The film constantly subverts your expectations of where the threat will come from. Jesse fears the creepy overseer of her apartment block, she’s wary of pretty much every man she meets until they help her satisfy her own ends, but she never even considers that her ambition might be severely damaging, or that her fellow models are out to destroy her.

Refn and kindred spirit composer Cliff Martinez are masters of combining a strong aesthetic with a sumptuous soundscape to tell a story. While Refn as a filmmaker still hadn’t topped Drive, I think this might be Martinez’s finest work to date. Much like the story being told his electronic music is equally beautiful and ugly, atmospheric and oppressive, climbing, falling, disintegrating and transforming just as the characters do.

A lot has been said about a scene about two thirds of the way through the film. From this disturbing image onwards, everything becomes quite bizarre and deeply unsettling. Here it graduates from psych-horror to full-blown horror. I don’t think this final stretch quite worked, I’m not sure what everything meant, what exactly is supposed to take place or whether Refn wanted us to know, but suffice to say it becomes the stuff of nightmares.

It’s very appropriate that Refn apparently got Fanning to watch BEYOND THE VALLEY OF THE DOLLS in preparation for this film, as they share a lot of DNA in their story arcs and general structures. The Neon Demon is arguably far deeper and looks much better, but Russ Meyer and Roger Ebert’s guilty pleasure also acted as an expose of a self-obsessed profession, and the two films would make an interesting double-bill.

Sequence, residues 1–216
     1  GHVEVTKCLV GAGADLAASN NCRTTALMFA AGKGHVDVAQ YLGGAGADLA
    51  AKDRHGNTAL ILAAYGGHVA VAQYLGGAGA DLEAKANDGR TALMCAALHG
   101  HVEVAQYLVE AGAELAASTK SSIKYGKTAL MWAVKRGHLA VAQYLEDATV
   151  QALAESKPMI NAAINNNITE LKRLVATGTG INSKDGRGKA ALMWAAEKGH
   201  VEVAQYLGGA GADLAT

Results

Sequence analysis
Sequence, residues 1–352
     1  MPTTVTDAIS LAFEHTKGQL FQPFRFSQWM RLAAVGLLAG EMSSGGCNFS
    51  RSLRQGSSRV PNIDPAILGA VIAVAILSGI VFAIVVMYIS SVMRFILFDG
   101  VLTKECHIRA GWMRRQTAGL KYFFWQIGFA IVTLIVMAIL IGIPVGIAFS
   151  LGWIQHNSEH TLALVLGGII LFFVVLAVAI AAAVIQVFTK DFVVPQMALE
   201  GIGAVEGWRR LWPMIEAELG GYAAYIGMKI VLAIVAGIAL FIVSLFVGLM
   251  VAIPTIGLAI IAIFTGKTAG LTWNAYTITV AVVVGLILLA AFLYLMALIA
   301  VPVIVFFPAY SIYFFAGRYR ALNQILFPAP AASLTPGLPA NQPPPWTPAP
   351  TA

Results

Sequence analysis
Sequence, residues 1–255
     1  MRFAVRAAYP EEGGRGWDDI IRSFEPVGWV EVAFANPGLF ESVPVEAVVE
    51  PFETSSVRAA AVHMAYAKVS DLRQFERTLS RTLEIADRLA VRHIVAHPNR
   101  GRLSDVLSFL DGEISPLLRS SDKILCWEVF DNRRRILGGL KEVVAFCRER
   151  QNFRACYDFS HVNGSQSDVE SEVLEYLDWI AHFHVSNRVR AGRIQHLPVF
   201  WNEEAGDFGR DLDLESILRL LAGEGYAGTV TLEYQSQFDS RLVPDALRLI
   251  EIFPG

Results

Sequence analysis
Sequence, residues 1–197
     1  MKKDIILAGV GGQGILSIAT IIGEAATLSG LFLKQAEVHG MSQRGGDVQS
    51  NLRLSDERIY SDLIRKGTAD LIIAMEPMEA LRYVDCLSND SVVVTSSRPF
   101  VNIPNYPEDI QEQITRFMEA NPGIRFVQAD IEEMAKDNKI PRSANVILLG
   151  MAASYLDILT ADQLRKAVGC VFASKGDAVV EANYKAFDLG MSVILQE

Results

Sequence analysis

I can’t say that this will be one for everyone. The Neon Demon completely split its audience at Cannes, much like Refn’s previous difficult watch, ONLY GOD FORGIVES. The rather twisted Danish-LA explorer of the id has said he was rather happy with this reception, that it was what he is going for – to provoke debate. He’ll have certainly done that here, and the fashion world aren’t going to forgive him for attempted murder of their industry any time soon. SSP

About Sam Sewell-Peterson

Writer and film fanatic fond of black comedies, sci-fi, animation and films about dysfunctional families.
This entry was posted in Film, Film Review and tagged , , , , , , , , , , , , , , , , , , , , , , . Bookmark the permalink.

3 Responses to Review: The Neon Demon (2016)

  1. Pingback: Looking Back and Looking Forward: 2016, Part 1 | SSP Thinks Film

  2. Pingback: Review: Mother! (2017) | SSP Thinks Film

  3. Pingback: Review in Brief: Cam (2018) | SSP Thinks Film

Leave a Reply

Fill in your details below or click an icon to log in: Logo

You are commenting using your account. Log Out /  Change )

Facebook photo

You are commenting using your Facebook account. Log Out /  Change )

Connecting to %s